The Rams did not bring in any high priced, big name wide receivers over the course of the 2012 and 2013 seasons. And while both seasons were cut short by injury, they were not too short to write off the improvement as too small of a sample size (Bradford played 10 games in 2012, seven games in 2013). So this improvement likely was the result of Bradford becoming more accurate with his passes.

So why the regression this year? Obviously, the wide receivers are not playing well, and that is likely contributing to the high numbers. But I also think Bradford’s knee injury is limiting his play — not only from a confidence and mechanical perspective, but also because it prevented Bradford from getting a full offseason’s work in as he worked through his rehab from March to August.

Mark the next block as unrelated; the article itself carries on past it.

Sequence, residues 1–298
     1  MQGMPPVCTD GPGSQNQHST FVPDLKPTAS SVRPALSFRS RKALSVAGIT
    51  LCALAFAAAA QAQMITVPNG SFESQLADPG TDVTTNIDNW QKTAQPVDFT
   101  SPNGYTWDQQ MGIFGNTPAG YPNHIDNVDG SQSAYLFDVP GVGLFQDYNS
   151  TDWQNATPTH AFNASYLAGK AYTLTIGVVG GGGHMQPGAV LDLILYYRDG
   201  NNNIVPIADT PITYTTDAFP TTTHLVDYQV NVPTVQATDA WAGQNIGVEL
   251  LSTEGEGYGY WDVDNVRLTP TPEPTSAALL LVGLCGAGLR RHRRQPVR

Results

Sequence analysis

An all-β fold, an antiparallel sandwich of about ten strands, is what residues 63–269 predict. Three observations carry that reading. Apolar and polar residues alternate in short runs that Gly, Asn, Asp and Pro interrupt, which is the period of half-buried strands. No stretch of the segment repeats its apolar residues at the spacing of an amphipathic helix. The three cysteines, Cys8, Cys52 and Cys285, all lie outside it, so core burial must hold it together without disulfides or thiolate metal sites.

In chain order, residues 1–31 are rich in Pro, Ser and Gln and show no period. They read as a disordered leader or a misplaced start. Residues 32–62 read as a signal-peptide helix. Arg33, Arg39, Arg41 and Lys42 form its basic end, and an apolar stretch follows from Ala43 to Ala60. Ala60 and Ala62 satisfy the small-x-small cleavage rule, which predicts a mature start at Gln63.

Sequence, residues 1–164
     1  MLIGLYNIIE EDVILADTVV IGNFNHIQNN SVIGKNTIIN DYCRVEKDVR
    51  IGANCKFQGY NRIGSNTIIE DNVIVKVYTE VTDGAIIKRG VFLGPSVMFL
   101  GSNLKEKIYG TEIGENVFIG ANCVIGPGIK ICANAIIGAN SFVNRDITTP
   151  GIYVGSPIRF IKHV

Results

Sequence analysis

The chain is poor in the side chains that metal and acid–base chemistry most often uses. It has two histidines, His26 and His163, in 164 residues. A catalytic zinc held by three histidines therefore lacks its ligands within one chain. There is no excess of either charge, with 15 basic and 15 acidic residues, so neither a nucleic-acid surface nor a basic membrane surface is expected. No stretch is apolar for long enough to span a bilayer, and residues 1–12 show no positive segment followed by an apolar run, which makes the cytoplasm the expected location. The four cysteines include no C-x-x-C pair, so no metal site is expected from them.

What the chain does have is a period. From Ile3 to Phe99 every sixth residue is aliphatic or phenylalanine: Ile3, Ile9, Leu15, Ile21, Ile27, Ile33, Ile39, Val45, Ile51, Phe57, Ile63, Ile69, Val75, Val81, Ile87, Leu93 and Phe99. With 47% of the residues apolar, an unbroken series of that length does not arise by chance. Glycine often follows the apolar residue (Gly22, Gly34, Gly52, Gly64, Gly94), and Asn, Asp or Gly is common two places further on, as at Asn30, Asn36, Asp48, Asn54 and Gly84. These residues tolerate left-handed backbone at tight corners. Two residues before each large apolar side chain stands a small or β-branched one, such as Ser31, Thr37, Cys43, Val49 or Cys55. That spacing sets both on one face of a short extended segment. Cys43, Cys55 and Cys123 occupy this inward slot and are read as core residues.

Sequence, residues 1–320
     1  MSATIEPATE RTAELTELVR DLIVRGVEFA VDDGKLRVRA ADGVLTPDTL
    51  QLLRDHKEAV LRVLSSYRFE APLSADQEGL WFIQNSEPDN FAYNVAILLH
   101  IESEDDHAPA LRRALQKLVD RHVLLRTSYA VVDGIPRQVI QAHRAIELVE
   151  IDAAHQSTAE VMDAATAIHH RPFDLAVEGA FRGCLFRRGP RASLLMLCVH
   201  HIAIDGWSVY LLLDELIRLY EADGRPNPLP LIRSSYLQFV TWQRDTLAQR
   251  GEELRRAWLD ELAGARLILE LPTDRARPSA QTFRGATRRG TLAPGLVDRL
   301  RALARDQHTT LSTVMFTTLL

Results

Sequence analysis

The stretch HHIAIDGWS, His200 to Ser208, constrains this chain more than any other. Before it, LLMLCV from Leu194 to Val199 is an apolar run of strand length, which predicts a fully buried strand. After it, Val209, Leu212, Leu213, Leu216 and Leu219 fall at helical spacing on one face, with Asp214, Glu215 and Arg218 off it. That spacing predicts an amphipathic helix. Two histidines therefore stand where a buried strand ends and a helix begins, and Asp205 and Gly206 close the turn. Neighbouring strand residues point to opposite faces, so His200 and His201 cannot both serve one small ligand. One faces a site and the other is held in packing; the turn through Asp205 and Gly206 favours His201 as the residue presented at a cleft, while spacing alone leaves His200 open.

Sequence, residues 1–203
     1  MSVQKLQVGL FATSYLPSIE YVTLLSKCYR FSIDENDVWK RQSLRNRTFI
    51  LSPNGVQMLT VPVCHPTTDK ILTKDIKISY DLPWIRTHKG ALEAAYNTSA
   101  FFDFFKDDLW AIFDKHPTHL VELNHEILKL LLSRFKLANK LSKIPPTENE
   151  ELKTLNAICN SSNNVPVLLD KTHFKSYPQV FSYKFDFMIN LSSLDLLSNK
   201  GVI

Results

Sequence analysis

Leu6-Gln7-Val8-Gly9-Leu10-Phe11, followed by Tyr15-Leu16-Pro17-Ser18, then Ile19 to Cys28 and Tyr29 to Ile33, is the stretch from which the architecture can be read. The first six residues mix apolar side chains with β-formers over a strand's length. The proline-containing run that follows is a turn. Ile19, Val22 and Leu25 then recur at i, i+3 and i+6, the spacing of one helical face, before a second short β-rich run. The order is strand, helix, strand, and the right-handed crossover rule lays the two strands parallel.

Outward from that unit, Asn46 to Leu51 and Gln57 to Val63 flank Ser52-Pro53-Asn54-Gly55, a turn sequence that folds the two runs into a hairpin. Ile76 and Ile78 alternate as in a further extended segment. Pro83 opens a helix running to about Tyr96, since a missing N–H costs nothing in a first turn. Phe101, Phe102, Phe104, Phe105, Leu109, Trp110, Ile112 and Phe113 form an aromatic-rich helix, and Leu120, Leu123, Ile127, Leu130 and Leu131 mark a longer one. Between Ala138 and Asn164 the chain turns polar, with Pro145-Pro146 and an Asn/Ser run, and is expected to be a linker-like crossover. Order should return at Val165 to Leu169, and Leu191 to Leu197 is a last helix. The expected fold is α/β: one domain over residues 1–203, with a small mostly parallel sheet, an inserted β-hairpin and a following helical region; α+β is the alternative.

I am not making excuses for Bradford. He has not played well up to this point in the season and he will need to improve if the Eagles are going to have any chance to competing for the NFC East title. But I would not at all be surprised if we start to see the drops improve over the course of the season, not only because the receivers can’t be this bad (can they?), but also because Bradford’s accuracy should improve as the season progresses.

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8 thoughts on “Self Scouting the Eagles Part 1: On Drops

  1. I have to disagree that Bradford is at fault for the first two throws you highlighted in the Panthers game, and only slightly at fault for the third. The ball is only very slightly behind Matthews, if you look at the vine the ball bounced off his chest. The main reason that pass had some steam on it was Bradford had to quickly get rid of it as a Panthers d-lineman was hitting him as he was releasing it. That’s a pretty accurate pass under the circumstances.